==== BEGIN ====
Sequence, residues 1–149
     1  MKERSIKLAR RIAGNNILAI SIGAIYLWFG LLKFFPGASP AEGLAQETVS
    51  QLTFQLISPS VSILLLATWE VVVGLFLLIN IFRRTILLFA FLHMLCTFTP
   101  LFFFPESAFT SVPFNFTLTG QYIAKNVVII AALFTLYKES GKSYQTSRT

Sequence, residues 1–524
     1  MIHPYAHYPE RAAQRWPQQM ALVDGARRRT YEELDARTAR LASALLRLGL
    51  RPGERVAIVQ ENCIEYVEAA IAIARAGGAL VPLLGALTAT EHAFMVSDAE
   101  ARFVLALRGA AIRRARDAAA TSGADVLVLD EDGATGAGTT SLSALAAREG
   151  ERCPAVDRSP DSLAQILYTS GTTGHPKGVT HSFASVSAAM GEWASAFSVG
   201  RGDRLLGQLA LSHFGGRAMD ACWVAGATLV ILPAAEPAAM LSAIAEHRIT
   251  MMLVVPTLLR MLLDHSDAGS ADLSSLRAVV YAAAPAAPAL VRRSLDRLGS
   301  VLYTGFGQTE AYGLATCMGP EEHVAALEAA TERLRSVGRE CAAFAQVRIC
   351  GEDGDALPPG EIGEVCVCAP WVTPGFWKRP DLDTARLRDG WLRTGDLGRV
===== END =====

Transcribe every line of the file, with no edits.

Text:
Sequence, residues 1–149
     1  MKERSIKLAR RIAGNNILAI SIGAIYLWFG LLKFFPGASP AEGLAQETVS
    51  QLTFQLISPS VSILLLATWE VVVGLFLLIN IFRRTILLFA FLHMLCTFTP
   101  LFFFPESAFT SVPFNFTLTG QYIAKNVVII AALFTLYKES GKSYQTSRT

Sequence, residues 1–524
     1  MIHPYAHYPE RAAQRWPQQM ALVDGARRRT YEELDARTAR LASALLRLGL
    51  RPGERVAIVQ ENCIEYVEAA IAIARAGGAL VPLLGALTAT EHAFMVSDAE
   101  ARFVLALRGA AIRRARDAAA TSGADVLVLD EDGATGAGTT SLSALAAREG
   151  ERCPAVDRSP DSLAQILYTS GTTGHPKGVT HSFASVSAAM GEWASAFSVG
   201  RGDRLLGQLA LSHFGGRAMD ACWVAGATLV ILPAAEPAAM LSAIAEHRIT
   251  MMLVVPTLLR MLLDHSDAGS ADLSSLRAVV YAAAPAAPAL VRRSLDRLGS
   301  VLYTGFGQTE AYGLATCMGP EEHVAALEAA TERLRSVGRE CAAFAQVRIC
   351  GEDGDALPPG EIGEVCVCAP WVTPGFWKRP DLDTARLRDG WLRTGDLGRV